Friday, October 19, 2007

Meeting the Inghams in Santa Barbara

The weekend before last I drove up North to Santa Barbara to meet up with the Inghams. They are both professors in speech science at UCLA at Santa Barbara and clearly among the leading scientists in stuttering research. They were so kind to invite me to stay at their place. They have a fantastic house in the hills of Santa Barbara. Roger Ingham showed me around in his BMW with the words "I like it much better than my Ferrari that I had before"... :-)

We had very good scientific discussions but also engaged in gossip. They were not too enthusiastic on medication to reduce stuttering due to lack of good evidence. I was questioning how this fits in with several reports (see previous blog posts) from people who stutter who took a medication and said they improved. The discrepancy might be due the existence of sub types. Or because the gains are not overt, but internal. I argued that stuttering is not just a malfunctioning of communication of the message from the person who stutteres to the listener, but that stuttering also affects the mental creation and therefore quality of the message. People who stutter either spent a lot of efforts avoiding or generating fluent speech or dealing with secondary symptoms and states of anxiety. This leaves them much less room to create good messages. I am so much better at creating messages when I stutter less and am not under time pressure. And, the medication might make this easier. Or, there were no improvements apart from placebo-enduced and due to weak methodology.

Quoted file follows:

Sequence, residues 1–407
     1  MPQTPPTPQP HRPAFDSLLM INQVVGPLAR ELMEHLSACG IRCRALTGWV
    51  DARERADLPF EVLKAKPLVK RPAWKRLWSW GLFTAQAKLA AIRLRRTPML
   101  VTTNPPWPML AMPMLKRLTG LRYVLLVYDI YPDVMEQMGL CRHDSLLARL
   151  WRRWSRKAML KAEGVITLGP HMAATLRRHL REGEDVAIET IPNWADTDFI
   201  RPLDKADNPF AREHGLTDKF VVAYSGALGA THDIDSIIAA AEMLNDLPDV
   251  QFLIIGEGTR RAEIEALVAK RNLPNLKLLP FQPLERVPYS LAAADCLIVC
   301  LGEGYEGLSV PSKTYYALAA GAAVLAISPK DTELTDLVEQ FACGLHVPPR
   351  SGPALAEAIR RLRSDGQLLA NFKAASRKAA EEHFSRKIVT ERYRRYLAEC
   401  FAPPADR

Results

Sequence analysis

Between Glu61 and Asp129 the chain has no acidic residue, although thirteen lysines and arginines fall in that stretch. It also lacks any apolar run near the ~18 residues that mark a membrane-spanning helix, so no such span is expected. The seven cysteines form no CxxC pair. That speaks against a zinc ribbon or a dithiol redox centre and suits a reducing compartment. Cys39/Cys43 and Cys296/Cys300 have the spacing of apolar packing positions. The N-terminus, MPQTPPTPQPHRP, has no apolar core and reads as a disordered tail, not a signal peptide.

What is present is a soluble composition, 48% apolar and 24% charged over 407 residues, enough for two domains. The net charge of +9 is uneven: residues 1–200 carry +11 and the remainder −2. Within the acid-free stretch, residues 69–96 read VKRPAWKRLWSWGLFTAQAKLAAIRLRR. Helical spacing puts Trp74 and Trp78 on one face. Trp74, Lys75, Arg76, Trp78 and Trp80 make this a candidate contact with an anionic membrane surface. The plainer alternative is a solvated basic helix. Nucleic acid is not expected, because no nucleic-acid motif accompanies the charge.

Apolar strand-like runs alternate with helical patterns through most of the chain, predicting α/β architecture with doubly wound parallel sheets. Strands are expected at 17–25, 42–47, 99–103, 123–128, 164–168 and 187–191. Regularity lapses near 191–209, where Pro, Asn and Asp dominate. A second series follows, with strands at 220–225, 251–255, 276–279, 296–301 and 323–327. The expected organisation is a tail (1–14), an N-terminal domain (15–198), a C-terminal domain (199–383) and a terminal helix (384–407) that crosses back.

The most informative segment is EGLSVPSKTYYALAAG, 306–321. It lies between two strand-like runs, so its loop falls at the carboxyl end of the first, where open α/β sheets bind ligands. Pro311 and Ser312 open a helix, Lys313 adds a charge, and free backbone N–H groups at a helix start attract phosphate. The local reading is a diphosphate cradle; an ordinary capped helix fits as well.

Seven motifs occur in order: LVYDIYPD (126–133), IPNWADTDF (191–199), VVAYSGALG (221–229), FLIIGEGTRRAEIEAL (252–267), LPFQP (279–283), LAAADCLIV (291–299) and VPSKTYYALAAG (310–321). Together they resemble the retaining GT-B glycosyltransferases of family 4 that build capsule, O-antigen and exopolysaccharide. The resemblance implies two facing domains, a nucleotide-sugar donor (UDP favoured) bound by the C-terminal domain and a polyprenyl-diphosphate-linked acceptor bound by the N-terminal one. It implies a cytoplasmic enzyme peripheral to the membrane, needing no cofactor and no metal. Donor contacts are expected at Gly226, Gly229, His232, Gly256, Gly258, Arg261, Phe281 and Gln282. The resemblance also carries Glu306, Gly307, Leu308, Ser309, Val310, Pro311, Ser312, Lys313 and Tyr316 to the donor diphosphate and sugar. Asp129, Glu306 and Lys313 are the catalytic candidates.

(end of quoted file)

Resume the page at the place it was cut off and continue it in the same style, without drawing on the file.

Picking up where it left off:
I also discussed with Roger Ingham his past, current and future research. He has a multi-million research grant and still works very closely with the brain researchers around Peter Fox in San Antonio (Texas). The Inghams go to Texas and stay there for longer periods of time, though they did not express great admiration for San Antonio's beauty. Regarding research, they are clearly moving in the direction of theory testing using methods like TMS (knocking out brain regions temporarily) to test causality, and dual tasks and fluency-enhancing setups to control the driving variables of stuttering better.

1 comment:

Jerome said...

Cool. I admire your enthusiasm! And it leads you to all kind of cool places as well :)